Why Pro-salmon Ruling on Dams
by Terry Flores
This month, U.S. District Judge Michael H. Simon ordered the government to once again overhaul its strategy for operating the Northwest's eight federal hydropower dams in a manner that lessens their impact on salmon. So-called fish advocates cheered, largely because Simon's ruling suggests that helping salmon recover may require further study of removing four dams on the Lower Snake River in Washington.
Along with four federal agencies, Northwest RiverPartners -- an alliance of farmers, trade groups, utilities, ports and other river users -- was on the losing side, so of course we're disappointed. The ruling returns our region to the hamster wheel of endless analysis and litigation. But anyone who cares about Oregon's renewable energy future should be worried, too.
For a judge whose ruling shows serious concerns about climate change, Simon is pointing the Northwest down a strange and unproductive road: ordering further study of an old idea that would diminish this region's biggest source of renewable energy -- hydropower.
In his May 4 ruling, Simon found flaws in the 2014 biological opinion, or BiOp, that is backed by three out of four Northwest states, nearly all of the region's tribes, National Oceanic and Atmospheric Administration Fisheries, the Bonneville Power Administration, the U.S. Army Corps of Engineers, the Bureau of Reclamation and numerous ports, utilities and other river users. Simon suggests dam removal as a potential solution to those flaws.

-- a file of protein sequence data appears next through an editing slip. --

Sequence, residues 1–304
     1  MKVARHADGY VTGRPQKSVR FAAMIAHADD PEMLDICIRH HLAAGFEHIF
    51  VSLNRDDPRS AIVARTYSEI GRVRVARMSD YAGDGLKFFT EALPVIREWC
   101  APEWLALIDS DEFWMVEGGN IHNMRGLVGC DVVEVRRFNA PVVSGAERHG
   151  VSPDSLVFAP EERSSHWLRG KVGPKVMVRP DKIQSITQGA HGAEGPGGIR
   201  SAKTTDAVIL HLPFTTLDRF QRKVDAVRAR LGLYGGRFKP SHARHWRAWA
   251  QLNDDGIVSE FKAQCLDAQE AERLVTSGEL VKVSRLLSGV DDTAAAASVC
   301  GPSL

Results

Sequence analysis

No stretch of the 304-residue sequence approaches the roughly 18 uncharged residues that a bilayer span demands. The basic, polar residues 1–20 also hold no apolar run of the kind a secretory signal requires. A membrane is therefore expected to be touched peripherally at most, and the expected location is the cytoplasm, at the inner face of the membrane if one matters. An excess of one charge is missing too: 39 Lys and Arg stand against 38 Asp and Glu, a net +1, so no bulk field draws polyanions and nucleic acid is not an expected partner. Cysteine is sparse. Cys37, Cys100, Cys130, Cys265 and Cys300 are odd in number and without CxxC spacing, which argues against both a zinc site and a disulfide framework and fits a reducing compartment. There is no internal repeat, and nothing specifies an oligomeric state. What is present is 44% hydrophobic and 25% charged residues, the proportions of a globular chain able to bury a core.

Yet if the judge is truly concerned about climate change, the last thing we should do to address it is start removing dams. Hydropower, although it rarely gets credit, remains the backbone of our region's clean energy system. The Lower Snake dams are a case in point: Together they produce enough clean energy to power a city the size of Seattle every year.
Hydropower enables our growing use of other renewables, too, by backing them up when the wind doesn't blow and the sun doesn't shine. If we cripple our hydro system, new Oregon and federal mandates to address climate change by increasing other renewables will be difficult if not impossible to achieve.
Nor is dam removal a silver bullet for helping the salmon. The Snake dams affect only four of the 13 species listed for protection under the Endangered Species Act. And only Congress can authorize and appropriate funds for dam removal, which makes it unlikely at best.
Federal agencies have already spent millions of dollars and many years studying dam removal -- and rejected it based on science that concluded removal might provide some benefits but would not be enough to recover the salmon. More study won't change reality, which is that dam removal alone cannot address or overcome the many factors that harm salmon throughout their life cycle -- ocean conditions, overharvest and poor hatchery practices among them.
We had hoped this judge would provide a viable path forward in the decades-old debate over dams and salmon. But by returning once again to the study of dam removal, Simon's ruling takes us back to square one.
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